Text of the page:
Jane Yolen, America’s Hans Christian Andersen
Known as the “Hans Christian Andersen of America,” Jane Yolen has written over 300 books including Owl Moon, winner of the 1988 Caldecott Medal. She has also been awarded the Regina Medal, the Kerlan Award, the World Fantasy Award, the Society of Children’s Book Writers Award, the Mythopoetic Society’s Aslan Award, the Christopher Medal, the Boy’s Club Jr. Book Award, the Garden State Children’s Book Award, the Daedalus Award, a number of Parents’ Choice Magazine Awards, and many more. A devoted mother and grandmother, she lives four months of the year in St. Andrews, Scotland and the rest at her home in Massachusetts.
Nicki Richesin: You began writing stories, essays, and poetry as a child and continued as a gold star student at Smith College. You sold your first book Pirates in Petticoats (love this title!) on your 21st birthday. That must have been an exciting day for you. How did you become a children’s book author?
Jane Yolen: By accident. I thought I was a poet (of adult poems) for my heart and a journalist for my pocketbook. But somehow the first book I sold was for kids. It turned out that I loved doing it so much that of my over 300 books, all but about twenty are for children.
Your late husband David Stemple was the inspiration for Pa in Owl Moon for which you won a Caldecott Medal. Your husband had a profound impact on your life and writing. How did he encourage you and influence your work?
JY: First, I want to be sure that you (and your readers) know that the book won a Caldecott, an award given to the illustrator and the book, not the author. Though of course I benefit as well!’
As to David, he was not only my cheerleader, my inspiration/muse, at times my gadfly, he was always my first reader.
Some of your most recent books like Sister Bear: A Norse Tale and Snow in Summer seem terribly romantic and yet like Not One Damsel in Distress knock the charming prince to the rescue off his horse. How important to you is it that you create feminist role models for young readers?
JY: I don’t labor to send a message in my stories. Boring books are written that way. Didactic books are written that way. However, as a modern woman I can’t help but be influenced by the zeitgeist. So all those butt-kicking young women seem to fall naturally from my fingers onto the keyboard and thence the page.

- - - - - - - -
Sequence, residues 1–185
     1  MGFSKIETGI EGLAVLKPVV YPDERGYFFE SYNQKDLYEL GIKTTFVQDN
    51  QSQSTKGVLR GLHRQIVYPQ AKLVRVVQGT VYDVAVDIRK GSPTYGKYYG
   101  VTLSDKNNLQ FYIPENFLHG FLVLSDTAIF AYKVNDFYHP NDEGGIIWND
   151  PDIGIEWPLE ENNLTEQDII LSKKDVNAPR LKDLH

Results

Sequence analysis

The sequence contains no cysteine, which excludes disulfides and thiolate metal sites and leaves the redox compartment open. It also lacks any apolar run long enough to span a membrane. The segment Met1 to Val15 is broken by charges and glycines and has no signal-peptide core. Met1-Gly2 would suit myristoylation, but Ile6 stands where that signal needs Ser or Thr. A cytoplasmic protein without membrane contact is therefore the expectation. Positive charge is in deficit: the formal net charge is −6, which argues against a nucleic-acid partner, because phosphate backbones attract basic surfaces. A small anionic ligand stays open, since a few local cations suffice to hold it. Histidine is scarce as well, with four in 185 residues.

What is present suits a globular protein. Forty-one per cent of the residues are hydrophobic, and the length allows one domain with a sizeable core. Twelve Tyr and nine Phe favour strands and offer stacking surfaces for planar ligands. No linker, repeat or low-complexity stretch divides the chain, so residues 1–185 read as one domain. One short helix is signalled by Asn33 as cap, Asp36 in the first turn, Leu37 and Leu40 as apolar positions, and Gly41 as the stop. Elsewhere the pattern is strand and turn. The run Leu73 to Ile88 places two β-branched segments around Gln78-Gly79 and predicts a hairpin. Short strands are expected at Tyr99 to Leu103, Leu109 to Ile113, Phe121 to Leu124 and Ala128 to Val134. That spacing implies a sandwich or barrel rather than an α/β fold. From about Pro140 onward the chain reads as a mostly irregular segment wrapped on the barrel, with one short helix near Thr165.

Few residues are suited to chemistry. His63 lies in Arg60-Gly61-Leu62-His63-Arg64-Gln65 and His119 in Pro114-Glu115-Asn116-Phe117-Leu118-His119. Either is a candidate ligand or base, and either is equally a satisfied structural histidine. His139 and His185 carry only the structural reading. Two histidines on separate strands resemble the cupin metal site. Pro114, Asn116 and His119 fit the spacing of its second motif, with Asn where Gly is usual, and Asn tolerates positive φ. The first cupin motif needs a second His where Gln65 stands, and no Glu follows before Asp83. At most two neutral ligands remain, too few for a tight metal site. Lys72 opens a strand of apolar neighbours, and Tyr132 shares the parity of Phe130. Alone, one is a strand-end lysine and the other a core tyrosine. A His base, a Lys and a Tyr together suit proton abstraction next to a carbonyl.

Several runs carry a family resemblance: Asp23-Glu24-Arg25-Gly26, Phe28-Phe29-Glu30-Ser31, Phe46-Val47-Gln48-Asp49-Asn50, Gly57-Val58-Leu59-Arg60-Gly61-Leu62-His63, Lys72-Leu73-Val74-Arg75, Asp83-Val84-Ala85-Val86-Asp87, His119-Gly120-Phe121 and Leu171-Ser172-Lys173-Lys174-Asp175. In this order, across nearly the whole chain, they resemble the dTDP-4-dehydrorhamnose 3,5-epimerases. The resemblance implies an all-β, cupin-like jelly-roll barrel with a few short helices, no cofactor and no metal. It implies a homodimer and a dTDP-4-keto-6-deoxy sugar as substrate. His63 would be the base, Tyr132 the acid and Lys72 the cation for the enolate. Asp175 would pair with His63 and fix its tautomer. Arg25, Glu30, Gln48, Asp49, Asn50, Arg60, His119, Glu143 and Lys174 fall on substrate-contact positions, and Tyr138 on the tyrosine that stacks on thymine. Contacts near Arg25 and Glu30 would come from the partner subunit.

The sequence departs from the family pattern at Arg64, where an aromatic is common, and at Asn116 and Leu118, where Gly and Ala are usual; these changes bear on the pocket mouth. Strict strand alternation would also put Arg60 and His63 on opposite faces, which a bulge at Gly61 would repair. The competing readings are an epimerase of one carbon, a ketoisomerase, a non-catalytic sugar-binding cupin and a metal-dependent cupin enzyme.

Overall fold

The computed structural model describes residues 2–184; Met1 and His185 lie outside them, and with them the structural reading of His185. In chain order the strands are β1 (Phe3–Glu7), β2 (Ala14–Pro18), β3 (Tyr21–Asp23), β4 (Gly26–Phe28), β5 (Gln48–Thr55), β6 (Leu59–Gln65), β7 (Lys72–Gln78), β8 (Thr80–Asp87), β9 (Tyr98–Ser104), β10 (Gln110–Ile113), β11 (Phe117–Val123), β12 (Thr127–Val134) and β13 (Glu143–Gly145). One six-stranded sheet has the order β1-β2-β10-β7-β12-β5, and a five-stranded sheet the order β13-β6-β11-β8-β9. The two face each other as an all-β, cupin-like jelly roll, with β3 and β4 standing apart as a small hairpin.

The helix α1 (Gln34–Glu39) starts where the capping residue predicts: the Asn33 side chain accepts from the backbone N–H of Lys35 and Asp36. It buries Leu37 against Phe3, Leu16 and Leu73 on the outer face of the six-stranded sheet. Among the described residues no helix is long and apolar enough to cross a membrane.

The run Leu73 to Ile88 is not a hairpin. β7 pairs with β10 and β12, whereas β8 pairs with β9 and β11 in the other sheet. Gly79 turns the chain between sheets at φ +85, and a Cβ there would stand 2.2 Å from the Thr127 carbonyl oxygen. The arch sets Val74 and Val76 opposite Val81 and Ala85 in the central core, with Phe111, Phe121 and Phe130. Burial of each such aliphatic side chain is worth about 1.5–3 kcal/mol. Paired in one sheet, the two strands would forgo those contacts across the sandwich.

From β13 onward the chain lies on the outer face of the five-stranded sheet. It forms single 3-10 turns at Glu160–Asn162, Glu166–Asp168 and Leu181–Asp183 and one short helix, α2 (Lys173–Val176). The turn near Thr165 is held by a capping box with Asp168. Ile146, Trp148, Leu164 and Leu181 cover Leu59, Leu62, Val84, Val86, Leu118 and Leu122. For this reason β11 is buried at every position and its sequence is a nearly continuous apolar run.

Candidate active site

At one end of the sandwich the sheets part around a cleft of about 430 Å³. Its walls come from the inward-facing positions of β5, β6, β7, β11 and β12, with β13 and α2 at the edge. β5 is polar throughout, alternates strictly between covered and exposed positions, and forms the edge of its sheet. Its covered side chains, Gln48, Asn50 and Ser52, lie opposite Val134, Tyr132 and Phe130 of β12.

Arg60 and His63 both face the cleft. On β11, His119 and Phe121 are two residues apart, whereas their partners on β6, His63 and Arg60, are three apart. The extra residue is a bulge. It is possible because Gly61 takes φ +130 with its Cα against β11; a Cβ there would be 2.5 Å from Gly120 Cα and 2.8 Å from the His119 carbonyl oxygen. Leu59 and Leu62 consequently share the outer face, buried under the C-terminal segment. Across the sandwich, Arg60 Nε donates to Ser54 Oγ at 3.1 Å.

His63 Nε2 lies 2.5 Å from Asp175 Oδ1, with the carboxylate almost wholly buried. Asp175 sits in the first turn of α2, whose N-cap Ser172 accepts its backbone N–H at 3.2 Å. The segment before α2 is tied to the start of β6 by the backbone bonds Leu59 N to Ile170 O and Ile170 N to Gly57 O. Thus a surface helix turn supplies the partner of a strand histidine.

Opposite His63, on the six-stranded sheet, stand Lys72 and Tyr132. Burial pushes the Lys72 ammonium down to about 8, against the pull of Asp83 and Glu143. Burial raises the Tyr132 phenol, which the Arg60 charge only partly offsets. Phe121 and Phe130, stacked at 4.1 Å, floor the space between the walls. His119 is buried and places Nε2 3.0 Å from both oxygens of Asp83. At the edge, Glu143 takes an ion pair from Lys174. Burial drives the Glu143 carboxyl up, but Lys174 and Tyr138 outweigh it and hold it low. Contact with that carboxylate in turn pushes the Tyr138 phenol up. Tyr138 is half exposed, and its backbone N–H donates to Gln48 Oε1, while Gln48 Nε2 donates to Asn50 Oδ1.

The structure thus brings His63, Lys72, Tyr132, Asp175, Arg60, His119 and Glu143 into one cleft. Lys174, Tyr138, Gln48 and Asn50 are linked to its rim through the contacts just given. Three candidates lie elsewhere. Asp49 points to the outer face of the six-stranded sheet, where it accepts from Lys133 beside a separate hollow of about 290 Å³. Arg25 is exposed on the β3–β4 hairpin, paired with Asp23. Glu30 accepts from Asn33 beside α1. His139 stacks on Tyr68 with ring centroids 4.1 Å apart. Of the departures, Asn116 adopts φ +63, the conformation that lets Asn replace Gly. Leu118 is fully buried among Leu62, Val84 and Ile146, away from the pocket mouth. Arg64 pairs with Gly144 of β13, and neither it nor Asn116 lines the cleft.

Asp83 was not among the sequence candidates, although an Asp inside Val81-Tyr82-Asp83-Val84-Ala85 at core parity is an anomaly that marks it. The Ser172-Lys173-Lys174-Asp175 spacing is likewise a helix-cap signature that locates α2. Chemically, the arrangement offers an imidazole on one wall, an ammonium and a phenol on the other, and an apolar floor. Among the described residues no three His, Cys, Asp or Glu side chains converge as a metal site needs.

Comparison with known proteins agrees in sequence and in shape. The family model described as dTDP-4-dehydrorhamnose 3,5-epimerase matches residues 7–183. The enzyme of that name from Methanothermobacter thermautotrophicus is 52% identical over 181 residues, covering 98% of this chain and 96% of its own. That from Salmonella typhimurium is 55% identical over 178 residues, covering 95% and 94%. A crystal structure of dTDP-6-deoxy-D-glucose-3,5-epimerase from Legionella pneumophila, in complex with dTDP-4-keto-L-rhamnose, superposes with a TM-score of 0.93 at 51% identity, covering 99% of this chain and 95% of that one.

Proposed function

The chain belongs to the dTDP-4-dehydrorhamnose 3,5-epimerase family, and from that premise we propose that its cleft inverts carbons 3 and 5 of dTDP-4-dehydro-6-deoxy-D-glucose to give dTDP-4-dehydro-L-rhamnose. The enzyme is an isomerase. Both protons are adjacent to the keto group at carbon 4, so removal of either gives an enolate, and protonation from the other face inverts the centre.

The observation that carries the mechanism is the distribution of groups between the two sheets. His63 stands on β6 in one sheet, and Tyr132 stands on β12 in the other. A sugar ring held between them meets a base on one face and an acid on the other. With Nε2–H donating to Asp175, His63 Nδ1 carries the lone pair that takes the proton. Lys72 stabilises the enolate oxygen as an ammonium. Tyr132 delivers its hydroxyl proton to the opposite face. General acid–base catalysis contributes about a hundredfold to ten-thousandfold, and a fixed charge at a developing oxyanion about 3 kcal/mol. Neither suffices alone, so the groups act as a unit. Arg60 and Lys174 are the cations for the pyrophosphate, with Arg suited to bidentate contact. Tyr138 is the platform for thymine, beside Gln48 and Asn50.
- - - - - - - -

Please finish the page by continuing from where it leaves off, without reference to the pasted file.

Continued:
Your fantastic book The Devil’s Arithmetic was adapted to film by Dustin Hoffman. How did it feel to see actors speaking words you had written and bringing them to life on the big screen? Would you like to see any of your other books adapted to film?
JY: Well, films come with big paydays, so of course authors like to have them happen. BUT films also come with big problems, changes, even the massacre of favorite characters. So it is always a mixed blessing. Film and print are simply two very different and demanding mediums.
Scotland is the original land of the faeries- a country rich with folklore, fairy tales and traditions. I believe many of your books (including Twelve Impossible Things Before Breakfast) were inspired in part by your time there. How has living part-time in Scotland influenced your writing, if at all?
JY: Lots and lots. Three ways really. 1. Sometimes directly: a story is set there. Like the Tartan Magic series. Tam Lin picture book. Lost Boy: The Story of James M. Barrie and Peter Pan picture book. 2. Sometimes indirectly, i.e. a setting or character or turn of phrase. Wild Hunt is definitely my Scottish House, but only I know that. And 3. I write more during the summers I am there, and the light floods in from 4:30 a.m. till nearly midnight. I am a writer in the daylight not the dark.
JY: Both, inextricable.
What does it mean to you when you say, “I still believe in books”?
JY: I know that story delivery systems are changing even as we speak. Phone apps and e-books and movies, and TV and and and and. . .but story still remains. However, I love books, the physical nature of them, how they smell, how they feel in the hand, how a page is turned, the rustle it makes. How I can annotate, turn down a corner of a page, tear a piece out. (Shhh, don’t let anyone know I said that.)
You’ve said, “I don’t care whether the story is real or fantastical. I tell the story that needs to be told.” You’ve written so many stories at this point. Are there still more you feel as if you’re still itching to write that have been waiting for you to tell them?
JY: At 72, I KNOW I don’t have the time to write down all the stories still in my head.
I read on your blog that you’ve been writing a poem a day since January 1. Would you be kind enough to share your favorite one with us?
JY: Perhaps not my favorite, but one of them:
This is the turn of the month,
Cornerstone of the year.
Forty some days towards the light.
I am still here, still here.
This is the hurtling snow,
Trees groaning heavy with white,
When the writing comes hard and comes slow,
And it’s still night, still night.
This is the furnace’s laughter.
This is the plow’s early call.
The driveway holds ice that is hidden,
And I have to watch for a fall, a fall.
This is the turn of the winter.
This is the inning of fear.
This is the month of my birthday.
And I am still here, still here.
©2011 by Jane Yolen, all rights reserved
Thank you so much for your time.
Nicki Richesin is the editor of four anthologies,What I Would Tell Her: 28 Devoted Dads on Bringing Up, Holding On To, and Letting Go of Their Daughters; Because I Love Her: 34 Women Writers Reflect on the Mother-Daughter Bond; Crush: 26 Real-Life Tales of First Love; and The May Queen: Women on Life, Work, and Pulling it all Together in your Thirties. Her anthologies have been excerpted and praised in The New York Times, the San Francisco Chronicle, The Boston Globe, Redbook, Parenting, Cosmopolitan, Bust, Salon, Daily Candy, and Babble.
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